See The Diary and Letters of Gouverneur Morris (2 vols., New York, '888), edited by Anne Cary Morris; Jared Sparks, Life of Gouverneur Morris (3 vols., Boston, 1832), the first volume being a biography and the second and third containing Morris's miscellaneous writings and addresses; and Theodore Roosevelt, Gouverneur Morris (Boston, 1888), in the "American Statesmen" series.
Castle Cary covers nearly four acres: its ramparts contain massive and well-dressed masonry; its interior buildings, though they agree in material, do not altogether agree in plan with those of Bar Hill, and its north face falls in line with the frontier wall.
In Scotland excavation has been more active, in particular at the forts of Birrens, Newstead near Melrose, Lyne near Peebles, Ardoch between Stirling and Perth, and Castle Cary, Rough Castle and Bar Hill on the wall of Pius.
Of his other writings on marine zoology, most are contained in the bulletins and memoirs of the museum of comparative zoology; but he published in 1865 (with Elizabeth Cary Agassiz, his stepmother) Seaside Studies in Natural History, a work at once exact and stimulating, and in 1871 Marine Animals of Massachusetts Bay.
Lucius Cary Falkland >>
The surrounding scenery is famous for its richness of colour, especially in the grounds of Cary Court, and along "The Hobby," a road cut through the woods and overlooking the, sea.
Cary of Marseilles to the study of classical antiquities, particularly in the department of numismatics.
The Cary Library in this village, with 25,000 volumes (1908), was founded in 1868, and was housed in the Town Hall from 1871 until 1906, when it was removed to the Cary Memorial Library building.
His own college (Christ's) would have chosen him for the mastership; but a party opposition led to the election of Valentine Cary, who had already quarrelled with Ames for disapproving of the surplice and other outward symbols.
Numerous additional main lines - Reading to Newbury, Weymouth and the west, a new line opened in 1906 between Castle Cary and Langport effecting a great reduction in mileage between London and Exeter and places beyond; Didcot, Oxford, Birmingham, Shrewsbury, Chester with connexions northward, and to North Wales; Oxford to Worcester, and Swindon to Gloucester and the west of England; South Welsh system (through route from London via Wootton Bassett or via Bristol, and the Severn tunnel), Newport, Cardiff, Swansea, Milford.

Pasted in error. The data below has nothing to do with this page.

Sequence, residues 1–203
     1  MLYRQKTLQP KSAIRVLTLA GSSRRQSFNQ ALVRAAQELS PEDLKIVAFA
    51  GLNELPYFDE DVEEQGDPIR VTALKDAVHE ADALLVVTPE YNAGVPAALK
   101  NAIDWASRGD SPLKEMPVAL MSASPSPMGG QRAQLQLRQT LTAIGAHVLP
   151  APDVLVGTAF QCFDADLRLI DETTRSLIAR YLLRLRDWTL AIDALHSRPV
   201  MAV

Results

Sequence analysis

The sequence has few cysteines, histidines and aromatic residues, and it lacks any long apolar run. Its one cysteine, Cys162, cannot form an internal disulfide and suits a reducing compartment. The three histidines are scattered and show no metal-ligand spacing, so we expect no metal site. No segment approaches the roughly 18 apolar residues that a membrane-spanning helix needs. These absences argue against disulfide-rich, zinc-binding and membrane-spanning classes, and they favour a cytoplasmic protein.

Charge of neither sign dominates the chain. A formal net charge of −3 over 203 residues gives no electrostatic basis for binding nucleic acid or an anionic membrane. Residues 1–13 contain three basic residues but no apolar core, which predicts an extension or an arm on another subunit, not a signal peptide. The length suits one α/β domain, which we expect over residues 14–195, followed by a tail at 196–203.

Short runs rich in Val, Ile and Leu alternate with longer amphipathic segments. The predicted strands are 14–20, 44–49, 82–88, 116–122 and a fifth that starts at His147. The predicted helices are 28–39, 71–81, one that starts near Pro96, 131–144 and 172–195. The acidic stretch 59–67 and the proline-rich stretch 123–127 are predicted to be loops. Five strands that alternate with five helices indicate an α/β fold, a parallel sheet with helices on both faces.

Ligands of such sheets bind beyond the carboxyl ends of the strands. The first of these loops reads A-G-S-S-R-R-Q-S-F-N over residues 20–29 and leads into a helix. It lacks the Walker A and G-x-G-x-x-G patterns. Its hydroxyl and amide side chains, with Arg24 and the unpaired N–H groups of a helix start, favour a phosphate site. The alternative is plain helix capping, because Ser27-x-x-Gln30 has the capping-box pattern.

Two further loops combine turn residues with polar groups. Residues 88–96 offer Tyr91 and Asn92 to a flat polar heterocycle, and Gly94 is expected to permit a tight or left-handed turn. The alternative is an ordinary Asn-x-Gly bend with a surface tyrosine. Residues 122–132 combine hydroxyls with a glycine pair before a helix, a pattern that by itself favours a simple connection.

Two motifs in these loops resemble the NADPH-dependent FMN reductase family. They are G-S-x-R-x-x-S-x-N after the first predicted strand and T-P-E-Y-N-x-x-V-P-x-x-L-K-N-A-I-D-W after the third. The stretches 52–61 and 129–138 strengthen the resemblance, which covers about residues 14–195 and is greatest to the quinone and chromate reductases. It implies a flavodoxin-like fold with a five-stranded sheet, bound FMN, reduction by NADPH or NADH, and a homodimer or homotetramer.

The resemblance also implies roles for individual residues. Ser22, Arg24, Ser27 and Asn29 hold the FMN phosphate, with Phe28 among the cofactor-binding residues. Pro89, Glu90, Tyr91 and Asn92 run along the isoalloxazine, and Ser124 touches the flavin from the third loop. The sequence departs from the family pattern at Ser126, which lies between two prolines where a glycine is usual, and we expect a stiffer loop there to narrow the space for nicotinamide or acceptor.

As late as 1622, when Sir Henry Cary, Viscount Falkland, was installed as deputy, the illustrious James Ussher, then bishop of Meath, preached from the text " he beareth not the sword in vain," and descanted on the over-indulgence shown to recusants.
His brother George Cary Eggleston (1839-), American journalist and author, served in the Confederate army; was managing editor and later editor-in-chief of Hearth and Home (1871-1874); was literary editor of the New York Evening Post (1875-1881), literary editor and afterwards editor-in-chief of the New York Commercial Advertiser (1884-1889), and editorial writer for The World (New York) from 1889 to 1900.
In a fine Alfred Hitchcock movie called Notorious, the troubled character played by Ingrid Bergman gets very drunk at a party and asks Cary Grant to come for a drive.
Seeing Cary Grant smiling at her, she asserts she will wipe the smile off his face by accelerating to eighty miles per hour—and then does.